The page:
Part 2: The influence of Big Data
When looking at the Internet of Things (IoT) and the volume of new data that can be collected and distributed (relating to human behaviour and interactions) and the explosion of social media content, I see why Big Data is garnering such attention.
We’ll be collecting so much new data and using it in ways we’ve never done before. We’ll face a serious challenge to make sure we store the data appropriately, make it available to a large number of resources and make decisions with this data that we’ve never previously been able to.
As the second key influencer, Big Data will help Machine Learning to evolve, which in turn will make the IoT devices smarter. This means organisations of every kind will be impacted in one way or another by Big Data, they are either generating this new data or they need access to it to deliver their services. Regardless of who owns the data, everyone will have reasons why they want to tap into it and/or share it.
Impact on Testing
With the huge volumes of data captured and shared by the IoT, comes the challenge for testing that the data being captured will be used in real-time. As batch processing disappears, the opportunity to validate data sources before verifying the quality and veracity of the data will be increasingly difficult.
If we think of Big Data as a fast-flowing river, then Continuous Automation, and Performance Testing and Performance Engineering (where we extend the testing across into Production monitoring and Scalability) will become key services to help keep data flowing. A blockage in the real-time data flow will be catastrophic for business operations – poor IT performance will be immediately obvious and embarrassing.
Testing with Big Data will require familiarity with new frameworks for storage and processing of large data sets such as Hadoop, NoSQL and Statistical Analysis and extend engineering knowledge with languages like R, Erlang and TCL. Testing will extend beyond validating the functions that use the data and will need to test the accessibility of data in a large variety of situations involving transactions being performed by machines without human interaction.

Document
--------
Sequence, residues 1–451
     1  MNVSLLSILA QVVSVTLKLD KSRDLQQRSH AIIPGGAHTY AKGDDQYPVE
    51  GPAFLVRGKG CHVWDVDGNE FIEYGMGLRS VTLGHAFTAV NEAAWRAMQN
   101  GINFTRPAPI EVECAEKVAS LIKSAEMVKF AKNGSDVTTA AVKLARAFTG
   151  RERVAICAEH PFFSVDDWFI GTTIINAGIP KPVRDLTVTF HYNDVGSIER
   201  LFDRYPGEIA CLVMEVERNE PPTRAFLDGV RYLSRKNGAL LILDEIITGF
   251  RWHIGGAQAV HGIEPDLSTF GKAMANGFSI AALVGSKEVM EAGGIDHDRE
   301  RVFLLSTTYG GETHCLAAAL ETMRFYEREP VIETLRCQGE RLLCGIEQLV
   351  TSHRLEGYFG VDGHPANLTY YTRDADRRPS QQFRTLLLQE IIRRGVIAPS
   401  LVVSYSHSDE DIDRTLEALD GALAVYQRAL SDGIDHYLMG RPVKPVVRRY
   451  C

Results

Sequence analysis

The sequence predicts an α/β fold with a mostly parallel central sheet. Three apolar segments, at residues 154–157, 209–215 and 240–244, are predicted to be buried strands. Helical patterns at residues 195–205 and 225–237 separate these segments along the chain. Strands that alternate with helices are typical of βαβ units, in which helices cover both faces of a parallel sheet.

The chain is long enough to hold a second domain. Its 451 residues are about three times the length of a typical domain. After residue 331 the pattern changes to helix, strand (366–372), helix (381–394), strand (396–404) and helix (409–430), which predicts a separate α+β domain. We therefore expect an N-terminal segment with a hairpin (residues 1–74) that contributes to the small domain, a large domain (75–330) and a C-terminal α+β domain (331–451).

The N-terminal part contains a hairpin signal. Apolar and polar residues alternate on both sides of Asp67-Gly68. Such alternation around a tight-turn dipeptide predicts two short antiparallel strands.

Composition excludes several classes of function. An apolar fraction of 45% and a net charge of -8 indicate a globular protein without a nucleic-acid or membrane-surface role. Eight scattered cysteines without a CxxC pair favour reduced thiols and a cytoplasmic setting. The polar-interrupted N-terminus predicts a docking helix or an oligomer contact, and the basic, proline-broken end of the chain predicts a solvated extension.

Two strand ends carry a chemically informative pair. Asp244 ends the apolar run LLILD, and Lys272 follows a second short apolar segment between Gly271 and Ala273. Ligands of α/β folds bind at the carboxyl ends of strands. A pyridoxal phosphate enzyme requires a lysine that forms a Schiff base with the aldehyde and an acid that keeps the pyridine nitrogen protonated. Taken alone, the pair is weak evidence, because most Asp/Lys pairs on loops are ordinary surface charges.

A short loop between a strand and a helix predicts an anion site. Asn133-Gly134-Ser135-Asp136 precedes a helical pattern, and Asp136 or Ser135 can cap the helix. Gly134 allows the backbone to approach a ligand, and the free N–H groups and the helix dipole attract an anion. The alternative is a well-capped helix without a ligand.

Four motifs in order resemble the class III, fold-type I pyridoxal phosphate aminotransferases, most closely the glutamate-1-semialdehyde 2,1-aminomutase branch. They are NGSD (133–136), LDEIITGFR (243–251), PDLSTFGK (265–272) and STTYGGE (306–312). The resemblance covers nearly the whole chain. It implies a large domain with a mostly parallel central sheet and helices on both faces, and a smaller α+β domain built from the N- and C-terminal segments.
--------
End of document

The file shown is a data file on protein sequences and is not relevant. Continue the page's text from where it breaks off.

Prior to being stored in one or more databases, the data will arrive in several formats and unlikely to be well structured. This will create a challenge for performance test engineers when establishing workload models as the unstructured data will likely break the model which will need to be optimised many times. Scalability could be an issue for organisations who underestimate the volume of data they collect and the speed at which they are required to share it.
Another challenge when developing in a world of Big Data is that part of the testing focus will be on ensuring data is being extracted from the correct sources. This will change the focus of our testing away from the User Interface. We will increase the amount of testing directly against databases or via APIs with the purpose of validating that data is coming from a single source of truth or at least correlating the various sources.
This gives us an opportunity to develop automation approaches designed around validating data (and their sources) on a large scale. It should remove the need for us to create and repeat mundane manual tests and enable us to get on to the more complex and positive types of testing around the business processes that will use the data.
Years ago, Business Intelligence (BI) tools seemed to be the ‘must have’ solution that every business was missing. While most organisations have found one way or another of making sense of their own and their clients' information, we’re going to see a new explosion of Big Data Business Intelligence (Data Analytics) tools that will be needed for the large volumes of new information that won’t simply work with the existing tools.
One of the reasons for this is that the data itself will change. Data will come in many forms such as images, videos and other sources with large file sizes. New roles focusing on Data Science and Predictive Analysis will become more prevalent, extending the typical skillset of test engineers.
Test environments will quickly become a constraint in the development lifecycle if organisations don’t invest in ways to replicate their existing environments. This will become more complicated as the variety of information and its sources rapidly expand and continually change.
Depending on the volume and variety of data, we may have to adopt several approaches to our testing; with ‘sampling’ of the data as a likely approach if the risks are acceptable to the business. In time, this will be made easier through machine learning algorithms but, in the meantime, we’ll need to implement approaches for automating test data creation or sourcing to speed the test preparation process.